Lo­Cal Lib­Er­als sErvE up thEir DECaDE-olD tax plan

Ottawa Citizen - - FRONT PAGE - DAVID REEVELY dreevely@postmedia.com twit­ter.com/davidreevely

The On­tario Lib­er­als will boost Ot­tawa’s al­ready boom­ing econ­omy by, er, do­ing a bunch of things they’ve al­ready done, a batch of Lib­eral can­di­dates an­nounced Tues­day.

Ot­tawa Cen­tre in­cum­bent Yasir Naqvi and fel­low can­di­dates John Fraser (Ot­tawa South), Stephanie Magh­nam (Kanata-Car­leton) and Nathalie Des Rosiers (Ot­tawaVanier) stood up with a mi­cro­phone out­side In­vest Ot­tawa’s Bayview Yards head­quar­ters and talked about this stuff in very se­ri­ous voices, with very se­ri­ous looks on their faces, pre­sent­ing it all as things they will do if their govern­ment re­tains power June 7.

“Only our plan will en­sure that we will cre­ate more jobs, not cut,” Naqvi said.

The plan in­cludes: cut­ting the in­come tax on small busi­nesses from 4.5 per cent to 3.5 per cent, elim­i­nat­ing the cap­i­tal tax, an an­nual levy on cor­po­ra­tions’ held wealth, and re­duc­ing busi­nesses’ prop­erty taxes by $200 mil­lion.

Only the cut to small busi­nesses’ first $500,000 in prof­its is re­motely new. The Lib­er­als an­nounced that they’d do it last Novem­ber, as a sort of com­pen­sa­tion for the hit some small busi­nesses were about to take from the govern­ment’s hike to the min­i­mum wage. The tax cut went into ef­fect in Jan­uary and was fi­nal­ized in the Lib­er­als’ last bud­get.

They elim­i­nated the cap­i­tal tax partly in 2007 and fully in 2010. They changed the prop­erty taxes busi­nesses pay for ed­u­ca­tion (an an­ti­quated sys­tem that for an­ti­quated rea­sons means busi­nesses in dif­fer­ent school-board ter­ri­to­ries pay dif­fer­ent amounts) also in 2007.

Some of this stuff is more than a decade old.

It’s all le­git­i­mately part of the Lib­er­als’ record, which in­cludes cut­ting busi­ness taxes al­most con­stantly since they were first elected in 2003, but of­fer­ing it up as a Lib­eral plan in 2018 is bizarre. It’s not dis­hon­est in the sense that they will keep th­ese things in place if they’re re-elected, but even that does vi­o­lence to the or­di­nary hu­man un­der­stand­ing of time.

“We al­ready started putting th­ese mea­sures in place, that is al­ready help­ing our busi­nesses,” Naqvi con­ceded.

He threw in the min­i­mumwage hike as a busi­ness-booster, putting money in the hands of rel­a­tively poor peo­ple who are most likely to spend it. “It’s a com­bi­na­tion of all th­ese poli­cies that is hav­ing an im­pact.”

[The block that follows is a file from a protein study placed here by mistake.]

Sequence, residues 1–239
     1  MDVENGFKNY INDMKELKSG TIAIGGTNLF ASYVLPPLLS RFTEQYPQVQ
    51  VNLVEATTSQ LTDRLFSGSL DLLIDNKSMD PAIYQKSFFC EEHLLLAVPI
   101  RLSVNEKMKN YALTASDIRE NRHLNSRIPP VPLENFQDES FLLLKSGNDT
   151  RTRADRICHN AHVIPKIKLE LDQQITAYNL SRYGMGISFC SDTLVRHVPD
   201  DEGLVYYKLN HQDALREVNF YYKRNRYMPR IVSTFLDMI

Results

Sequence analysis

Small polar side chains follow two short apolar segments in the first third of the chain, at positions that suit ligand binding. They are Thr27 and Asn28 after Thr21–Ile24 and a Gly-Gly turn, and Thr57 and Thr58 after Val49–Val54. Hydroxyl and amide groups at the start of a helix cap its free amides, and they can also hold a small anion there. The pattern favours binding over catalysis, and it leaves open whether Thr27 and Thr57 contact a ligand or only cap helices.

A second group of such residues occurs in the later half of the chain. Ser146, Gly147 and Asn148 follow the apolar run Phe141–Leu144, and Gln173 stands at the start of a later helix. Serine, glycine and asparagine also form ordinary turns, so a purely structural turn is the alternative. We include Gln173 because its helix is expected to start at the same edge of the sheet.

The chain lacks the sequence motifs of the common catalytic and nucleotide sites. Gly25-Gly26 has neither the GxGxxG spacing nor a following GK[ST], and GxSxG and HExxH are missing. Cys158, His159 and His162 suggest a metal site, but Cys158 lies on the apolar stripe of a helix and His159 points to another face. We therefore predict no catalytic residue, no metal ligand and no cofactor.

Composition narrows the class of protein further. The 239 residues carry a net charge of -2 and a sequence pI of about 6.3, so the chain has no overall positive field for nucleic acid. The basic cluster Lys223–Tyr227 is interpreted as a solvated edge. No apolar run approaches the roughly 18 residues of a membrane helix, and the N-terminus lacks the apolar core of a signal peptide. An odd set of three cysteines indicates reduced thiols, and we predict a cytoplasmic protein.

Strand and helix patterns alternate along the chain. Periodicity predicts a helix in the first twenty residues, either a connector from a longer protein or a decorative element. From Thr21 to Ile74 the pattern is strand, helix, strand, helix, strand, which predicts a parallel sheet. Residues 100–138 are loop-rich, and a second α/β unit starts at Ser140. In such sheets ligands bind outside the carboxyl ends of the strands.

We can feel for the Lib­er­als a bit here. What­ever new they have was in the bud­get re­leased in March, and now Lib­eral can­di­dates get to re­peat it.

De­spite the con­stant rhetor­i­cal at­tacks from the Pro­gres­sive Con­ser­va­tives that On­tario’s an eco­nomic dis­as­ter, the key in­di­ca­tors from Statis­tics Canada are good. The num­bers just don’t sup­port the claim that On­tario’s a ruin.

The un­em­ploy­ment rate in On­tario is 5.6 per cent, bet­ter than the na­tional av­er­age and within a few tenths of a per­cent­age point of the low­est it’s been in a gen­er­a­tion. Ot­tawa’s is the best it’s been in 30 years. Wages are up. Part-time jobs have been re­placed with full-time ones. You can walk down Bank Street and see half a dozen help-wanted signs in three blocks.

Long-term un­em­ploy­ment, the most dam­ag­ing, soul-crush­ing, ca­reer-ru­in­ing kind, is down to 15 per cent of all un­em­ploy­ment, from nearly 25 per cent five years ago.

Man­u­fac­tur­ing jobs have de­clined by 300,000 since 2003, which is bad, but man­u­fac­tur­ing jobs have dis­ap­peared across North Amer­ica. Over­all, On­tario has 900,000 more jobs than it did in 2003.

Much of the growth has been in ur­ban On­tario.

Ru­ral On­tario’s been kicked in the shorts by the grad­ual but un­re­lent­ing shift from lo­cal man­u­fac­tur­ing to global sup­ply chains, up-and-down com­mod­ity prices, and the rise of ser­vice and knowl­edge work that tends to be done in cities. This is a prob­lem, and if any­body has an idea for how to re­store small fac­to­ries to small towns, every govern­ment in North Amer­ica would like to hear from you.

The Lib­eral eco­nomic plan is fo­cused on, as leader Kathleen Wynne would say, build­ing On­tario up — im­prov­ing ed­u­ca­tion, build­ing in­fras­truc­ture, tak­ing up things like drug cov­er­age as pub­lic re­spon­si­bil­i­ties (at least par­tially) so that pre­car­i­ous em­ploy­ment and en­trepreneur­ship don’t seem as scary.

Naqvi and the oth­ers, who aren’t stupid peo­ple and know that their “plan” of re­forms they did over a decade ago is guff, re­verted to that kind of talk al­most in­stantly when pressed.

“This elec­tion is very much about the econ­omy,” Naqvi said. “What kind of econ­omy we’re build­ing as we’re mov­ing for­ward, and one of the big­gest con­cerns we have is we have two par­ties, one on the right and one on the left, that are run­ning based on their ide­ol­ogy.”

The Tories never saw a pin­stripe suit they didn’t want to snug­gle, the New Democrats hate cap­i­tal­ism, et cetera.

That’s fine as a po­lit­i­cal sales pitch, it’s just not much in the way of good­ies for busi­nesses. The Lib­er­als would be bet­ter off be­ing open about that and em­pha­siz­ing how well they’ve done rather than warm­ing over tax tweaks from the Dal­ton McGuinty era as if they’re new.


From left, Ot­tawa-area Lib­eral can­di­dates Yasir Naqvi, Stephanie Magh­nam and John Fraser high­light the Lib­er­als’ job-cre­ation record in the cap­i­tal at a news con­fer­ence Tues­day. The poli­cies are all le­git­i­mately part of their govern­ment’s ac­com­plish­ments, says David Reevely, but some are more than a decade old.


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